Born and raised in New Iberia, Louisiana, artist George Rodrigue (1944 – 2013) is best known for his Blue Dog paintings, which catapulted him to worldwide fame in the early 1990s. His art studies at the University of Louisiana at Lafayette followed by the Art Center College of Design in Los Angeles, California gave him a foundation that spawned one of the greatest success stories in southern art.
Rodrigue is the subject of twelve books, published nationally and internationally, on his art, as well as numerous museum exhibitions, including forty-year career retrospectives at the Dixon Gallery and Gardens Museum in Memphis, Tennessee (2007) and the New Orleans Museum of Art (2008), both of which broke museum records at those locations for living artists or contemporary shows.
Rodrigue, who began painting in the third grade while bedridden with polio, had already won local acclaim for his rich portrayals of the landscape and people of South Louisiana when Blue Dog transformed the image of the original Cajun werewolf dog — the loup-garou — into an international pop icon.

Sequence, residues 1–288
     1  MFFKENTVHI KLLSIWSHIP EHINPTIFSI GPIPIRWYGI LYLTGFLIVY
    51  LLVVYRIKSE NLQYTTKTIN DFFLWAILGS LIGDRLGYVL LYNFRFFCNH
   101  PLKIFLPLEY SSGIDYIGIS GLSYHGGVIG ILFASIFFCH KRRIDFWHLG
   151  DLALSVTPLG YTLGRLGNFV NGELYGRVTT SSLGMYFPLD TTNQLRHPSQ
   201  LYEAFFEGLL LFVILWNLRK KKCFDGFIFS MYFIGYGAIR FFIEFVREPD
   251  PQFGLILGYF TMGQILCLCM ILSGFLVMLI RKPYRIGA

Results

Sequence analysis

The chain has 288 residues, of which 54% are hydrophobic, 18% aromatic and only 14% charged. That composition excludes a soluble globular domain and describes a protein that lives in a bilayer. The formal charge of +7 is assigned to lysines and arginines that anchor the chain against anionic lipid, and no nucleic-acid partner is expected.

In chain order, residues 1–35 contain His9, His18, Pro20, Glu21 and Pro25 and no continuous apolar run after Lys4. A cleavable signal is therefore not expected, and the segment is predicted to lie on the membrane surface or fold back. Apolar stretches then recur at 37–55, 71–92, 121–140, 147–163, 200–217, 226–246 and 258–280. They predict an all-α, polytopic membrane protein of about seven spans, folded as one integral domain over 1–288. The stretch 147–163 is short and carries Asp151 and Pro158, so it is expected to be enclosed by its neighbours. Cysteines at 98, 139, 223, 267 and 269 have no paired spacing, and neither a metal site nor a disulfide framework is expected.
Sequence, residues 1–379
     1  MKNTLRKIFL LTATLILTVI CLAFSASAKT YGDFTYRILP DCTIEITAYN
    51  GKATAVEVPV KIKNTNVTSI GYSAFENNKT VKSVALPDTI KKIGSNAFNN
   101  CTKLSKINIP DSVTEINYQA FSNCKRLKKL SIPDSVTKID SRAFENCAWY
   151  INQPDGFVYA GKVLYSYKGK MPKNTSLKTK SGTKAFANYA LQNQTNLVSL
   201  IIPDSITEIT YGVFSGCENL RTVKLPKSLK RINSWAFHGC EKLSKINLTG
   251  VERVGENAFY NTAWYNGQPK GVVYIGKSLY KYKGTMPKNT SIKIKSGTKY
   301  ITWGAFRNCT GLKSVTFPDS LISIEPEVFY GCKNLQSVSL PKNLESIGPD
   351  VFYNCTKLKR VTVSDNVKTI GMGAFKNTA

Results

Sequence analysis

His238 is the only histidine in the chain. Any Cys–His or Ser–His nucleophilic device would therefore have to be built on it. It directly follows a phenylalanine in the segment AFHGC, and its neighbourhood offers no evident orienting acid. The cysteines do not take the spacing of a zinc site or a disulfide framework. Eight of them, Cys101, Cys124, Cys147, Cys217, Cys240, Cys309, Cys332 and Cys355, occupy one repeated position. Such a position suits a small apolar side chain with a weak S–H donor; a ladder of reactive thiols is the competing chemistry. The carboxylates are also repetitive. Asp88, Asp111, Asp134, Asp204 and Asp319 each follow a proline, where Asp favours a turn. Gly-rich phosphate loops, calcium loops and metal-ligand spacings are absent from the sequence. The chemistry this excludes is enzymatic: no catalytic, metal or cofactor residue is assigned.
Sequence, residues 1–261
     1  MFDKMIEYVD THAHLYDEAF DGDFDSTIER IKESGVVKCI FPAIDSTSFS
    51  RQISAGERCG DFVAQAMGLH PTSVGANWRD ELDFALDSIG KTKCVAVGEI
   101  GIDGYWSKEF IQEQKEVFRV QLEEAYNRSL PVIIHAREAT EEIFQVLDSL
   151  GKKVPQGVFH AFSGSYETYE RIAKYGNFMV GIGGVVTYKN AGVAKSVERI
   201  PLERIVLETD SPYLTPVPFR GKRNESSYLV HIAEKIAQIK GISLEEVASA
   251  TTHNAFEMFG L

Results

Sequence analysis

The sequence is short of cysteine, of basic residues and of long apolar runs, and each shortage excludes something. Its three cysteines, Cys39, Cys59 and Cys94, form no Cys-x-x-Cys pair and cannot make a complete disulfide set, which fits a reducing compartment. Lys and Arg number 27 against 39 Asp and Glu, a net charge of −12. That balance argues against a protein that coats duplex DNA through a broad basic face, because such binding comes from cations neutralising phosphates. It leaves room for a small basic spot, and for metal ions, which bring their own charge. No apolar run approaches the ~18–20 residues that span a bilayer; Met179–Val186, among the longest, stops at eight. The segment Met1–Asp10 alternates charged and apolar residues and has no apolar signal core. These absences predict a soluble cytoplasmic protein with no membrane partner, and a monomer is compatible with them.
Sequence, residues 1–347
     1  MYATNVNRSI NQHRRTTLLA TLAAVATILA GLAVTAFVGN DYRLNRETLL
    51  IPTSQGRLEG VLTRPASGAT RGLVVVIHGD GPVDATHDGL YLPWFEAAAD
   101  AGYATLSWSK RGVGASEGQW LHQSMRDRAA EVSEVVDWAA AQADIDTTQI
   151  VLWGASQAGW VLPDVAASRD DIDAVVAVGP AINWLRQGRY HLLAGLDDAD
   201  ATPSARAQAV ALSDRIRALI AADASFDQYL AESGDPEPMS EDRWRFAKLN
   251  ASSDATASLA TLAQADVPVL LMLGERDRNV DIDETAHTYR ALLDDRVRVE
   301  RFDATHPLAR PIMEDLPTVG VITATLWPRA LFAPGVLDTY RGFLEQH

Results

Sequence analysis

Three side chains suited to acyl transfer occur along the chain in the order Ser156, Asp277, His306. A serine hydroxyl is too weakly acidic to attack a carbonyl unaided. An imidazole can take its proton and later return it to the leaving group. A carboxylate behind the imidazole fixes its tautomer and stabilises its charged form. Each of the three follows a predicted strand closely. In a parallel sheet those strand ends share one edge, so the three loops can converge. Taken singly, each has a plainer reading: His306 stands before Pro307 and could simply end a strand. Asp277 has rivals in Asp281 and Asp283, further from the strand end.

Rodrigue exhibits his original paintings and silkscreens in his own galleries in Carmel, California, Lafayette, Louisiana, and New Orleans, Louisiana where, after twenty years in the same location, he recently purchased and renovated a two hundred year old building adjacent to St. Louis Cathedral in the French Quarter, providing him with more than four thousand square feet of exhibition space.
Through the George Rodrigue Foundation of the Arts, Rodrigue raised $2.5 million benefiting post-Katrina New Orleans through sales of his relief prints. In 2016, GRFA held his sixth annual statewide art contest for high school juniors and seniors, a contest that attracted 3,700 applicants since 2010 and granted over $315,000 in scholarships, art supplies, and other assistance. Additionally, through GRFA’s Louisiana A+ Schools program, hundreds of teachers at 18 schools across Louisiana have been trained in arts-integration teaching methods.
For a detailed history of the artist and his work visit Wendy’s blog, featuring more than 200 essays on Rodrigue, his early years, and current projects. www.wendyrodrigue.com
George Rodrigue passed away on December 14, 2013 at the age of 69 after a long battle with cancer. View memorial tributes and learn more on our In Memoriam page.